There is some basis for hope. From a budget of $1 million in 1970, Washington’s current solar technologies budget for fiscal year 1979 has exceeded $500 million, and along with hundreds of small manufacturers, the giants of American industry General Motors, RCA, General Electric, Grumman, to name a few are beginning to invest seriously in solar development.

Perhaps because of the energy crisis, a new philosophy has emerged about man’s relationship to technology and his environment. Recent events have shown that despite our presumed mastery of technology, technology is actually controlling us. We are learning that we cannot create our own environment and mutilate the one which nature has created and shaped over millions of years. We have learned that in an attempt to control and simplify our lives, we have instead complicated them and placed them in the hands of powerful and centralized interests far removed from the expression of public needs and desires. The movement for appropriate or small-scale technology is designed to enable all human beings to regain control over their lives. It is a recognition that we must understand. We must accept our limitations, as well as respect the world in which live.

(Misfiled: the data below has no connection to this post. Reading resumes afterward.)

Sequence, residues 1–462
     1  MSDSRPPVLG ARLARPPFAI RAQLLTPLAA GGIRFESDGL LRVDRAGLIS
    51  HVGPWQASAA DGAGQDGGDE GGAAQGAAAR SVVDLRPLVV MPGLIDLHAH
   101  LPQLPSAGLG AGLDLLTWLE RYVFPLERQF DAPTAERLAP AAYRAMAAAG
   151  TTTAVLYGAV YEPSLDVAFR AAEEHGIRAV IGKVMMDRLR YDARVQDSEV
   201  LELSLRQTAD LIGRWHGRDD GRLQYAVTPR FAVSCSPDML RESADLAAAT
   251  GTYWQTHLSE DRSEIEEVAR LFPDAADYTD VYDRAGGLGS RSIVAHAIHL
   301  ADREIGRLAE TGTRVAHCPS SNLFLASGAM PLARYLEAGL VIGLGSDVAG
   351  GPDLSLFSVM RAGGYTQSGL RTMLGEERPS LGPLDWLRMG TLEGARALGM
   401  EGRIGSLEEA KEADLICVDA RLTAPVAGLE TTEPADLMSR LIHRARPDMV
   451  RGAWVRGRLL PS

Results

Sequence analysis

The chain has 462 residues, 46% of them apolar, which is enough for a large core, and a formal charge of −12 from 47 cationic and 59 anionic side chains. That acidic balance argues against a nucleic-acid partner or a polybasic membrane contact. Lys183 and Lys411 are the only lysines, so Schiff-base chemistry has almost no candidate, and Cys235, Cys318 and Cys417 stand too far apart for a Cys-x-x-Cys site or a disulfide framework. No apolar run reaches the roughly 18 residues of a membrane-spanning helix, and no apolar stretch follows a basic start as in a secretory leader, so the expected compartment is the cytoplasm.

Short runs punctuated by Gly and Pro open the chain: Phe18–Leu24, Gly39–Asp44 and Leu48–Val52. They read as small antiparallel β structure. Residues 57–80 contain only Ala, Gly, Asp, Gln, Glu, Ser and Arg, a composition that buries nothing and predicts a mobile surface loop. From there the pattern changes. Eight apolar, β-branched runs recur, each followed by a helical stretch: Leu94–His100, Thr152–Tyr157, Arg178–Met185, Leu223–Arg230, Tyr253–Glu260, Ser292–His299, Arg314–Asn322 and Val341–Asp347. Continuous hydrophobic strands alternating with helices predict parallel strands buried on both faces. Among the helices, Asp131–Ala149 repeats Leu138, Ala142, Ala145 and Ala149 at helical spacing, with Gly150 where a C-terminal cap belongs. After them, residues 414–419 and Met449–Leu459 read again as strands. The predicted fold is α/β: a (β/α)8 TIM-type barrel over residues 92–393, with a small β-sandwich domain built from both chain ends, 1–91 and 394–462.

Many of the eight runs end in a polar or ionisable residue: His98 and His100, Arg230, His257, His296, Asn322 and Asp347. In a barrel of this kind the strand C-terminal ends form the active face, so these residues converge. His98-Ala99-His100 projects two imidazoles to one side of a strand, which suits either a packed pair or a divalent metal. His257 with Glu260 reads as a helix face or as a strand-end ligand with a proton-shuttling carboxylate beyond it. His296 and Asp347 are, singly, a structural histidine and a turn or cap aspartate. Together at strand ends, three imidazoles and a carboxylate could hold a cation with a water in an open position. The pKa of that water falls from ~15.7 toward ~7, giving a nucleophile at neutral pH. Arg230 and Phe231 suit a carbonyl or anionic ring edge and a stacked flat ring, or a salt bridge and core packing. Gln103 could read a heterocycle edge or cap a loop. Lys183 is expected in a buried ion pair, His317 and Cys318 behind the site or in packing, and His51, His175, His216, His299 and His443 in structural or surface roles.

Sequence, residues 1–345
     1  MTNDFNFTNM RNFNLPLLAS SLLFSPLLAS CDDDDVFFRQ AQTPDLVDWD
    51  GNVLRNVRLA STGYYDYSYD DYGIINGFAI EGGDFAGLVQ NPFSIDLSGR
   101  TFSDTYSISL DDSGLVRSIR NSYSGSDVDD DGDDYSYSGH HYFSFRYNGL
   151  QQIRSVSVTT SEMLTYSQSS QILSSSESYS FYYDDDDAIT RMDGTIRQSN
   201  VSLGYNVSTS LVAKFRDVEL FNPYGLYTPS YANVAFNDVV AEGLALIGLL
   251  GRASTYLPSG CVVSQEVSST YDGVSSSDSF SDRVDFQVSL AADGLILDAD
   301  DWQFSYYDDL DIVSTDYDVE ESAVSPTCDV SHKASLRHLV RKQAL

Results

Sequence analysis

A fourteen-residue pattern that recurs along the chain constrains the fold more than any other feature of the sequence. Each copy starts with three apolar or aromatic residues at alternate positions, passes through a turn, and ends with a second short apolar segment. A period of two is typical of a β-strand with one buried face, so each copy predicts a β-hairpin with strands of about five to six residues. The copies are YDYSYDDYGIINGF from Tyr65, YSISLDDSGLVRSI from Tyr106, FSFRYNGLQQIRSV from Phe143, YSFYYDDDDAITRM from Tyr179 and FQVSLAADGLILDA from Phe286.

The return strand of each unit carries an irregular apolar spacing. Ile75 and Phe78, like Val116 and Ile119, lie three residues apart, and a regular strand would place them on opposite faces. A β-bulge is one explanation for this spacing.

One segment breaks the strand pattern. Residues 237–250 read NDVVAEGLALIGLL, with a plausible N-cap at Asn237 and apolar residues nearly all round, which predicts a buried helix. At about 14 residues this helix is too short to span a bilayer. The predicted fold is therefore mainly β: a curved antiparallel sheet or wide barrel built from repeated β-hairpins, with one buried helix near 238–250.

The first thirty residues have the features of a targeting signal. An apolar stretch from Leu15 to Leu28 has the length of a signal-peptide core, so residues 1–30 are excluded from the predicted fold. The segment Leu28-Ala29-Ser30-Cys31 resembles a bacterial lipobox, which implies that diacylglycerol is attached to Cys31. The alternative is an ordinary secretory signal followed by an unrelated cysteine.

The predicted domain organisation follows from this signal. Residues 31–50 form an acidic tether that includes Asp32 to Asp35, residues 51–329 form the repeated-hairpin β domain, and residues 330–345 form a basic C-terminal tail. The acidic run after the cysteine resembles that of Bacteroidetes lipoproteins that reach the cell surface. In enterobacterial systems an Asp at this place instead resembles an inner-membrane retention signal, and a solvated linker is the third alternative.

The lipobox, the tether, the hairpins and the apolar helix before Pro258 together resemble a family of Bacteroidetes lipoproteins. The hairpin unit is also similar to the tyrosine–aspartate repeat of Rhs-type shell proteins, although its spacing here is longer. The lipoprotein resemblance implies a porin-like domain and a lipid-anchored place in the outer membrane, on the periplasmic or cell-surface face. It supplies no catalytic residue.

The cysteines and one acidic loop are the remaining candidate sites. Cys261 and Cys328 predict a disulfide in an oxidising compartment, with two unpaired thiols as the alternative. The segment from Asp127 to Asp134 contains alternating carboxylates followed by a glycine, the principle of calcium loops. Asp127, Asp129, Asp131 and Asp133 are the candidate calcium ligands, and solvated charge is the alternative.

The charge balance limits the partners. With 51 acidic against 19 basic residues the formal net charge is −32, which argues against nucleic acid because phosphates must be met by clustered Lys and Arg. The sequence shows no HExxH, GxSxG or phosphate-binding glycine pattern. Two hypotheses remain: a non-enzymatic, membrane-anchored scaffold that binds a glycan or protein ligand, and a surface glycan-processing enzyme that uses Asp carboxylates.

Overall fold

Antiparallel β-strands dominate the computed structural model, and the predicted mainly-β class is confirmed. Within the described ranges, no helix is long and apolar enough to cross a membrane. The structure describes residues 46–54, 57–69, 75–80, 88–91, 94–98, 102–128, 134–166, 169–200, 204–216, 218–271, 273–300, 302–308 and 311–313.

Appropriate technology (AT) includes the various solar technologies, holistic and preventive health measures, solid waste recycling, acupuncture, natural foods production, organic gardening and cooperative arrangements of all types. In other words, AT encourages people to control the tools they need to enable them to live in harmony with their environment. AT recognizes that ecological balance must be maintained if disasters, crises, shortages, suffering and poverty are to be minimized; that greed must yield to need in maintaining the progress that we have attained in many fields.

Adopting the concept of AT might lead to some of the following: a group of Alabama tenant farmers receiving technical and volunteer assistance to grow and eat their own fish and use the inedible portions for fertilizing crops in an alternating cycle; a rural community in South Carolina building and heating their passive solar-heated homes for practically nothing, after a modest initial investment; a Nashville resource recovery waste system where thousands of tons of glass, paper and metals are collected, separated, sold and recycled, with proceeds to participating communities in a system where people can learn management skills.